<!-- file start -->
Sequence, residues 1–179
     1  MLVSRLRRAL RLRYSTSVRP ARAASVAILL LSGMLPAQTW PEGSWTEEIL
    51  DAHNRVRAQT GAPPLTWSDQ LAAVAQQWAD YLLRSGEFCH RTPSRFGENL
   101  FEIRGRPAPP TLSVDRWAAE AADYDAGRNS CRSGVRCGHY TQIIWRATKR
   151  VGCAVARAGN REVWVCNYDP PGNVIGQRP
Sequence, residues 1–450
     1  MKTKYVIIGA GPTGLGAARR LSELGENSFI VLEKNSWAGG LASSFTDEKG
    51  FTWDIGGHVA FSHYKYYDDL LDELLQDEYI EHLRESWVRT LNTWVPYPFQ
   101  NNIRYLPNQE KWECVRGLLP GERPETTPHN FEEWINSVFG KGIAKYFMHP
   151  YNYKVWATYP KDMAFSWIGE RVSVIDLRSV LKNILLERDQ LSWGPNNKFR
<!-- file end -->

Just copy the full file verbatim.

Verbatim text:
Sequence, residues 1–179
     1  MLVSRLRRAL RLRYSTSVRP ARAASVAILL LSGMLPAQTW PEGSWTEEIL
    51  DAHNRVRAQT GAPPLTWSDQ LAAVAQQWAD YLLRSGEFCH RTPSRFGENL
   101  FEIRGRPAPP TLSVDRWAAE AADYDAGRNS CRSGVRCGHY TQIIWRATKR
   151  VGCAVARAGN REVWVCNYDP PGNVIGQRP
Sequence, residues 1–450
     1  MKTKYVIIGA GPTGLGAARR LSELGENSFI VLEKNSWAGG LASSFTDEKG
    51  FTWDIGGHVA FSHYKYYDDL LDELLQDEYI EHLRESWVRT LNTWVPYPFQ
   101  NNIRYLPNQE KWECVRGLLP GERPETTPHN FEEWINSVFG KGIAKYFMHP
   151  YNYKVWATYP KDMAFSWIGE RVSVIDLRSV LKNILLERDQ LSWGPNNKFR